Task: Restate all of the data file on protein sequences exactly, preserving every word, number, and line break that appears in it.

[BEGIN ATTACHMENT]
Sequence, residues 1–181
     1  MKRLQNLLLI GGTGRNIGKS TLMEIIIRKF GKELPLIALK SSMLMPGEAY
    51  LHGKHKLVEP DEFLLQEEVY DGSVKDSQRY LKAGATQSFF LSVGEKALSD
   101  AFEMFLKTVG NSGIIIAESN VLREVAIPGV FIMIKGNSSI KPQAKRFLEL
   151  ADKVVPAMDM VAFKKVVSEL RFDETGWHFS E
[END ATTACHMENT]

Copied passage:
Sequence, residues 1–181
     1  MKRLQNLLLI GGTGRNIGKS TLMEIIIRKF GKELPLIALK SSMLMPGEAY
    51  LHGKHKLVEP DEFLLQEEVY DGSVKDSQRY LKAGATQSFF LSVGEKALSD
   101  AFEMFLKTVG NSGIIIAESN VLREVAIPGV FIMIKGNSSI KPQAKRFLEL
   151  ADKVVPAMDM VAFKKVVSEL RFDETGWHFS E